Computational intelligence: The key to making smart grids really smart


By Shawkat Ali

Around the world, in developed as well as developing countries, utilities are embracing smart grid technologies to improve the grid's efficiency and incorporate renewable energy resources into the grid. The strategy is both practical and laudable because it will create the means to meet society's future electricity demands in a way that also minimizes carbon emissions and reduces electricity's environmental impacts. The recognition of smart grid's pivotal roles, along with many regional and national policies acknowledging its importance and often mandating its adoption, are inspiring others to move into the new smart grid era. The smart grid is inevitable now. We should all join in to help it advance and succeed.

Shawkat Ali

Computational intelligence (CI) is one of the techniques utilities will use to make sure their smart grids are as intelligent as possible and delivering tangible, worthwhile benefits to utilities, users and the environment. A comparatively new era in computing, CI is already at the heart of many types of "smart" technologies and services in a variety of industries. In particular, CI enables us to interpret big data and create knowledge from it to make decisions in real-time for critical business functions. The purpose of this article is to discuss some of the exciting ways in which CI is being applied in smart grids. 

Computational intelligence for smart grid optimization and planning

CI can be used throughout a utility to optimize operations and planning. Broadly speaking, it can be used in power generation, transmission, distribution and consumption applications to meet the Smart Grid's safety, security, reliability, resilience and efficiency needs. Many examples are available to illustrate very practical applications.

For example, CI can be used to forecast the amount of renewable energy that might be injected into a grid during a particular time period. We can then use this information to determine how much power production is needed from traditional sources, such as coal.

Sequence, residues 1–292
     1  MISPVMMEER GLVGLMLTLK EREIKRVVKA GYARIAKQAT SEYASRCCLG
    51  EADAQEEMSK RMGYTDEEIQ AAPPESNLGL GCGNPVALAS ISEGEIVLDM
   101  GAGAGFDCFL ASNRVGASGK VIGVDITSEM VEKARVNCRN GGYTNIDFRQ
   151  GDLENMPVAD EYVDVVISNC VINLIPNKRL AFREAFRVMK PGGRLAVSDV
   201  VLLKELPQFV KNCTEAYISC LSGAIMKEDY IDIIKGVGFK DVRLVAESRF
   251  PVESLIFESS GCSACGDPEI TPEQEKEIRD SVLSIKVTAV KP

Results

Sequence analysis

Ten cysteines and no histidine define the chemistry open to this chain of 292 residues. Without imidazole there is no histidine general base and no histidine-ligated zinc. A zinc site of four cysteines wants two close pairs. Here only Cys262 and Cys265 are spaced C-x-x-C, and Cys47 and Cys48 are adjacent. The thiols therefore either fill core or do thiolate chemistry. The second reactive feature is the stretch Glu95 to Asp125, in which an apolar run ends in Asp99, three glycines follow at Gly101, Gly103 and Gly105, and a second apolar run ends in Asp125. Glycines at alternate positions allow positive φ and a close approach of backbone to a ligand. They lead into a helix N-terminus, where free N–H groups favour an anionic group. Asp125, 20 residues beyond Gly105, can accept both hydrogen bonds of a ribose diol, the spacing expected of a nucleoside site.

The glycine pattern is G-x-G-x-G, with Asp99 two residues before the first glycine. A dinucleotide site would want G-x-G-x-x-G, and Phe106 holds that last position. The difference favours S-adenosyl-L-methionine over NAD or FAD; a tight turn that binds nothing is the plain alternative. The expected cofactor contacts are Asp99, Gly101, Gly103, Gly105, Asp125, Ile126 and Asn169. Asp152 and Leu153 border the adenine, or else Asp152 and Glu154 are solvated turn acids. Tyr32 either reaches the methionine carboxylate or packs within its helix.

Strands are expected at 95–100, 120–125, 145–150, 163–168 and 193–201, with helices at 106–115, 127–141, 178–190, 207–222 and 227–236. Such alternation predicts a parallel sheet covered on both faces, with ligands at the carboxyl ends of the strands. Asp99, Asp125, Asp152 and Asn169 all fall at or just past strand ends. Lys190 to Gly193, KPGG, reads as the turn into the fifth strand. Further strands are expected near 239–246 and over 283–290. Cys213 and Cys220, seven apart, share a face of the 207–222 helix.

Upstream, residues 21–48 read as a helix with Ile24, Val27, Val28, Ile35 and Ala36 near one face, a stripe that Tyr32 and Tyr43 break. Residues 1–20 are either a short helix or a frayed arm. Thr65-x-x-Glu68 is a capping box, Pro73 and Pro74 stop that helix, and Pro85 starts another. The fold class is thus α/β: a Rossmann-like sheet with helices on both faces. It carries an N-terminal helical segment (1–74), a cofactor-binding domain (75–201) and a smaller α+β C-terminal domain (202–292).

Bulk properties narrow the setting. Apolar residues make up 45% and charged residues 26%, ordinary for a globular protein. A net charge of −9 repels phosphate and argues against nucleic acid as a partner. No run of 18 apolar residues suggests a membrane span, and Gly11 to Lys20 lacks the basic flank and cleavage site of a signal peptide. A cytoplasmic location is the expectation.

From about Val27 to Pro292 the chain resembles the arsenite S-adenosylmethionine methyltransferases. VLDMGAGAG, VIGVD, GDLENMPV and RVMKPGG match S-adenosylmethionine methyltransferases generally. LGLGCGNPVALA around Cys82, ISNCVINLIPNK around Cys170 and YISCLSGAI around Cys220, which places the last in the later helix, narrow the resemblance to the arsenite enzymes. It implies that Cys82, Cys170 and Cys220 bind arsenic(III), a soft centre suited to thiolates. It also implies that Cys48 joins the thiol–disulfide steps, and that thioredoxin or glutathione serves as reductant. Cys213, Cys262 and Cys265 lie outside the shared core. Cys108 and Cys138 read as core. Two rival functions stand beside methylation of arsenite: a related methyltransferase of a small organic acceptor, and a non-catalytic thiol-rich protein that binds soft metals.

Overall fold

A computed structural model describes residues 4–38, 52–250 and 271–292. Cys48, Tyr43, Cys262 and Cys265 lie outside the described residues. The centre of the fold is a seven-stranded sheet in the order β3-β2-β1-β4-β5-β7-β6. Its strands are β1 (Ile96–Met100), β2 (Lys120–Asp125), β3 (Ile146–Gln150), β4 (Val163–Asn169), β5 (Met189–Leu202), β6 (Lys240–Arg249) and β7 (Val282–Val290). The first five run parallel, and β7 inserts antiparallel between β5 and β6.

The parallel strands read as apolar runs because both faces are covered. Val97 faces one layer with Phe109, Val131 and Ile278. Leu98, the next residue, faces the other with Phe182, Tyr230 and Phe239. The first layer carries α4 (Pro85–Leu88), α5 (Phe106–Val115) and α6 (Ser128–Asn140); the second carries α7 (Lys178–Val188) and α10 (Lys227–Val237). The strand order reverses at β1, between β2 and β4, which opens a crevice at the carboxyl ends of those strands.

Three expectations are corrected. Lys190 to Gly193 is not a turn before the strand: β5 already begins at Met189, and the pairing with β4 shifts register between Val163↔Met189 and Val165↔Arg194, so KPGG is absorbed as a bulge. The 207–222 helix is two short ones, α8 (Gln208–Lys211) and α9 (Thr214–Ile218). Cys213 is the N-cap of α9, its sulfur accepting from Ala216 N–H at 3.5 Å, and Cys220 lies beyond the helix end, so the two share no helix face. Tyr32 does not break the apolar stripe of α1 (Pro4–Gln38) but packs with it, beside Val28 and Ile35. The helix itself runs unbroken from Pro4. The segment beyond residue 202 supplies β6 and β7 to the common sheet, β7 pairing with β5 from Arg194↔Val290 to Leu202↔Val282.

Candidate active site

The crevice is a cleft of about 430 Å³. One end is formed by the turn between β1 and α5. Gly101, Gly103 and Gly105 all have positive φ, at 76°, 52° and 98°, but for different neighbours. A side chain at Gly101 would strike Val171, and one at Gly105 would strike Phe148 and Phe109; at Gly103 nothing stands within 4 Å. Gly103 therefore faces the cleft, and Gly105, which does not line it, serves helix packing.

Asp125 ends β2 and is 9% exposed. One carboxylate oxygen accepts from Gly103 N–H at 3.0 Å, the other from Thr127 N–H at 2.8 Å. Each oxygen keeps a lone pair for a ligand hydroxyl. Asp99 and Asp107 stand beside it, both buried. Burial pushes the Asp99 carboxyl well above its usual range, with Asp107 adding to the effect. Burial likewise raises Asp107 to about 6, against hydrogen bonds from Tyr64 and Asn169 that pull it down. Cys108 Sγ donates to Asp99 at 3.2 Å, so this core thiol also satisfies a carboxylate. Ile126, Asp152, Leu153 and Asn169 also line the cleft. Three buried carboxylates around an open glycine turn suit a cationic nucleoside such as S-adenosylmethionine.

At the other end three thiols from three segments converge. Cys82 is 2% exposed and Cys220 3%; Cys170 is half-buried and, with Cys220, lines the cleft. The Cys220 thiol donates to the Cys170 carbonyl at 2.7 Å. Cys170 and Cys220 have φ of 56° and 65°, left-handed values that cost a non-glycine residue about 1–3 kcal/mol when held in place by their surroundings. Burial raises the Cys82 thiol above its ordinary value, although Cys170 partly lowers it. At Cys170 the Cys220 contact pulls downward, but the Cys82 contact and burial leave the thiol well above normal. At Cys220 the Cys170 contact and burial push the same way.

We can use CI for both short-term and long-term load forecasting. This is particularly important, given that population growth is one of the main factors inspiring the industry to produce more power. Similarly, we can use CI to inform our demand management programs.

CI can be used to help utilities respond to outages caused by natural disasters, such as storms or downed trees, which impact high-voltage transmission lines. When incorporated in a smart grid, CI can detect asymmetric single-phase-to-ground or two-phase-to-ground faults or symmetric three-phase to-ground faults and determine where the faults have occurred in the transmission and distribution system. This is a significant attribute in any power system.

CI can also be applied in conjunction with sensor networks to monitor power quality. If a power quality issue occurs, the system will alert the administrator, who can then take the steps necessary to address the problem.

CI can be used to monitor power losses from the grid. These losses usually average about 7% of a country's power production but in some countries, like South Africa, the losses represent about 17 percent.  CI can not only monitor the losses but figure out the cause.

Finally, utilities can use CI to optimize the real-time process of purchasing energy from multiple suppliers based on price, variable rate or other data for recent or forecasted time periods. They can identify the best suppliers through CI as well.

Security applications for computational intelligence

We need to keep the energy supply chain secure. We must protect the grid's IT technologies, for instance, from hackers who might want to stop renewable energy production or access a utility's billing information.

In computer networks, many attacks are known to us. For example, denial-of-service (DoS) attacks are known attacks. We understand these attacks and can apply technologies and systems to help protect our networks against them. But how can we stop unknown attacks?